Gambling is a central theme in this month's issue. But rather than looking at casinos and gaming houses, we cast our gaze upon more formal places where habits and systems are known under the grander names of tactics and strategy. Luck is not given much credit in the serious world of business. Yet the tripling in value of the stock market over the past eight years has made a mint for a generation of managers who have found themselves in the right place at the right time. There has rarely been a better period to run a quoted company or an asset management house, or to undertake a management buy-out.
Now that Britain is moving towards the end of one of the greatest bull markets in financial history it seems a good moment to assess the role luck has played in the careers of some of our most esteemed executives. It has made them rich certainly, but has it also made many of them seem far shrewder and more intelligent than they really are? Will they still look like winners in the leaner, meaner times that almost certainly lay ahead?
On page 34, Matthew Lynn pulls back the veil on Britain's luckiest managers - and he is not just talking about the handful of British Rail executives who scooped the jackpot. He focuses on some of the managers regarded as among the wisest and most skilful in the country.
Two of the most interesting figures he assesses are Jan Leschly, who takes much of the credit for the impressive share price rise at SmithKline Beecham, and Carol Galley, perhaps Britain's best-known fund manager. Lynn suggests that each owes more to the feverish stock-market highs than many realise. He finds that their accomplishments look less impressive when placed in context.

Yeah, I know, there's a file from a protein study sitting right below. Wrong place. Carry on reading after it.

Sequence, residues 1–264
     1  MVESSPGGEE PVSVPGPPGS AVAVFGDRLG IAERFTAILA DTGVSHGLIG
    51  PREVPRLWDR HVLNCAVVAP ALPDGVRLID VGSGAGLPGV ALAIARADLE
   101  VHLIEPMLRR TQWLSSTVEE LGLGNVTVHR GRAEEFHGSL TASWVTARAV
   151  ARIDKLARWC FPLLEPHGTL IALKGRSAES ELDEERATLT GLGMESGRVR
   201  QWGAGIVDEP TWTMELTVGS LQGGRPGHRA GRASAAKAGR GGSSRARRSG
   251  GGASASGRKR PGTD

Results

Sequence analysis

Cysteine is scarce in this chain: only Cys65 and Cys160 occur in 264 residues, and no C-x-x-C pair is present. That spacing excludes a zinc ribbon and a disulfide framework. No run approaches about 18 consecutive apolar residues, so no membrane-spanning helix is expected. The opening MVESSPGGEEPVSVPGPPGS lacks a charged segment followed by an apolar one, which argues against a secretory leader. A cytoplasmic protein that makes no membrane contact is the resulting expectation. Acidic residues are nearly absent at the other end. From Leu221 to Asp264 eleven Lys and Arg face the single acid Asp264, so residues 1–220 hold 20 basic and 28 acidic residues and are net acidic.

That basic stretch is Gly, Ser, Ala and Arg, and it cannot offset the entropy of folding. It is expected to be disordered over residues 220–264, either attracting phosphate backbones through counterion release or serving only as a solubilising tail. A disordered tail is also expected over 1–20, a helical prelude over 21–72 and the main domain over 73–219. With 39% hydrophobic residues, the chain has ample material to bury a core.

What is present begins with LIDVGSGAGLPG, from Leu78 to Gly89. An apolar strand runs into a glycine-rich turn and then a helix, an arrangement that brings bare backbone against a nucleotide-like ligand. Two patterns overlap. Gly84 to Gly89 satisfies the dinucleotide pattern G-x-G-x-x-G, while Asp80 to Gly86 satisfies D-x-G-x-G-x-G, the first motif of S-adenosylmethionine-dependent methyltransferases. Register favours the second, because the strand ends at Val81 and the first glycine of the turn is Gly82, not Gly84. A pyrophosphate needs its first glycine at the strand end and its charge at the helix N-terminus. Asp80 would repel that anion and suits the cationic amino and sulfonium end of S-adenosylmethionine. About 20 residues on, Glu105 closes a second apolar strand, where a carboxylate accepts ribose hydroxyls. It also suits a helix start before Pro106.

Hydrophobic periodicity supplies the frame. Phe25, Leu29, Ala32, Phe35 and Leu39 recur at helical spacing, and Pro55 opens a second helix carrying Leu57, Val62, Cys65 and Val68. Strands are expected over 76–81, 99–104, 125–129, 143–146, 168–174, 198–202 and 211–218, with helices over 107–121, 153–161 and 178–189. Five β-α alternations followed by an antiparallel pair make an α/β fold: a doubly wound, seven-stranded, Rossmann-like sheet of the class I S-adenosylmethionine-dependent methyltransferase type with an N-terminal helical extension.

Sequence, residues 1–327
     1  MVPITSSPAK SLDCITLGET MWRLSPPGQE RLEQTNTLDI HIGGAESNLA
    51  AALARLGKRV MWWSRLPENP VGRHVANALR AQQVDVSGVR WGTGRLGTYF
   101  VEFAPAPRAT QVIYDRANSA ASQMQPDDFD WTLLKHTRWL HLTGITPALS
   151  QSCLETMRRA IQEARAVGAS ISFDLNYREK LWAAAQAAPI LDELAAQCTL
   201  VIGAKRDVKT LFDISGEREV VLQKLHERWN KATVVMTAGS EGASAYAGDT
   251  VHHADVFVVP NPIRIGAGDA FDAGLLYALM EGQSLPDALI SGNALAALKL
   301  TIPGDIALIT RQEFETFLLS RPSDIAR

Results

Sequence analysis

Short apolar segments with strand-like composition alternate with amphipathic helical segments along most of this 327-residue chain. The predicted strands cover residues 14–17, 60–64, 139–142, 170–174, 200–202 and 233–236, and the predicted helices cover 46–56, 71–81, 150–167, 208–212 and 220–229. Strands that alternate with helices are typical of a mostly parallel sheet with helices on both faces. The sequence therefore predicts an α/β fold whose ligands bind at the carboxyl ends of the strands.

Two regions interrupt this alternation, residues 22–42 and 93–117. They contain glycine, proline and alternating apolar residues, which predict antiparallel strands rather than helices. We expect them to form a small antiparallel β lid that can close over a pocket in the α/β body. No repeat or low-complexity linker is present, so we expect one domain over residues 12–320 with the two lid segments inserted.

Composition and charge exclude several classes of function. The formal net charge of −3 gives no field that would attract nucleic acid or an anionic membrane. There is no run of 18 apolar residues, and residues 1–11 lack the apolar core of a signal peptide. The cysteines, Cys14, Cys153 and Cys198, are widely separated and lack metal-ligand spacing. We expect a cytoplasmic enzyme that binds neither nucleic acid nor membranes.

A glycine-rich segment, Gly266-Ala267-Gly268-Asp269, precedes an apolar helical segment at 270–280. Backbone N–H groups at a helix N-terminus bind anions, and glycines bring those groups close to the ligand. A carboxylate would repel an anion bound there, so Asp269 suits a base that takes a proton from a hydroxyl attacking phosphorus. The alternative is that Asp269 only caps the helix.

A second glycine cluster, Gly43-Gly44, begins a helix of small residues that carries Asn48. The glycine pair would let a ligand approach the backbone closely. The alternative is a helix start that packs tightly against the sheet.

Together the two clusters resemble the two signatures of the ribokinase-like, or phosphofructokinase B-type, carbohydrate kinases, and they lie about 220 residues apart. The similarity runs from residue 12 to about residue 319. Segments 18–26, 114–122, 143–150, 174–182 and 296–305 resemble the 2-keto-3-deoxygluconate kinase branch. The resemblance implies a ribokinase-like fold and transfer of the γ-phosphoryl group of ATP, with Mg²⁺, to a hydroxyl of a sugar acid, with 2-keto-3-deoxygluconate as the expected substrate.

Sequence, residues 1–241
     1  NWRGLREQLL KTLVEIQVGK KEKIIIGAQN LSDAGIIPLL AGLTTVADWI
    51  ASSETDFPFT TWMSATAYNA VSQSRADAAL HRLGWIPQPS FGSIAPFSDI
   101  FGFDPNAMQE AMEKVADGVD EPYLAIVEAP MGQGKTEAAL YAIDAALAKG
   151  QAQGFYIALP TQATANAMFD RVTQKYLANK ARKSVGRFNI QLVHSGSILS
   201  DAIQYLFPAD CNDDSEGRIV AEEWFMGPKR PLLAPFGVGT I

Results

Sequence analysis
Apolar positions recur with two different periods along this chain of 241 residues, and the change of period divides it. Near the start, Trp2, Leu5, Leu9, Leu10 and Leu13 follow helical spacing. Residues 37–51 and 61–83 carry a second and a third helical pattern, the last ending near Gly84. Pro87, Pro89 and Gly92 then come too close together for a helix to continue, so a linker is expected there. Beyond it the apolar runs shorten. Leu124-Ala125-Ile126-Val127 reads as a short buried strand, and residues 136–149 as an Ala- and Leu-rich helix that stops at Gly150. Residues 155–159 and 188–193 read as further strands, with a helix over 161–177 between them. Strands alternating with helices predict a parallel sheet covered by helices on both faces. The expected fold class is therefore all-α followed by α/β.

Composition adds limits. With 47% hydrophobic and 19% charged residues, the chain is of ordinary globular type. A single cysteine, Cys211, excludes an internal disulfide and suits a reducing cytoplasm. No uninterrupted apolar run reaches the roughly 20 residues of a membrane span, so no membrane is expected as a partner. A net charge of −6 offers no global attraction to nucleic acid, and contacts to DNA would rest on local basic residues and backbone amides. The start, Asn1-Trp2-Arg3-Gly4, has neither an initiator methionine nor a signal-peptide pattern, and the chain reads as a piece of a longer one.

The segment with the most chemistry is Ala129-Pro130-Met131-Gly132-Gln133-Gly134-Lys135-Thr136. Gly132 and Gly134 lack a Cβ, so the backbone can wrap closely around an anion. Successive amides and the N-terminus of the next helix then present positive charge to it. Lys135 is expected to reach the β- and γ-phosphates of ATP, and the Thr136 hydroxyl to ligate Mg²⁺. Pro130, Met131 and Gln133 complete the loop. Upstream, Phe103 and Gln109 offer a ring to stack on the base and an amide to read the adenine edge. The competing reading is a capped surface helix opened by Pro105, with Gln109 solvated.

There is nothing wrong with making money during a boom, just as there is nothing wrong with turning in a healthy profit at the roulette table or scratching away at a National Lottery Instant and finding three matching symbols. But when the market turns down and businesses have to belt up for a rough spell, it will take more than luck to produce the results. Many of those who have been living in financial heaven for the past few years will find themselves tumbling into financial hell.
Sky's the limit for some risk-takers
Some managers have clambered to the top by taking some gambles along the way. Others have chosen a more careful route (The path to power, p46).
But there are not many who bet careers once they have reached the summit.
Mark Booth has little choice (Winner takes all, p40). Thrust into the hot seat at BSkyB, he is gambling with more than his career.
He is gambling with the future of Rupert Murdoch's company. And he needs all the luck he can get.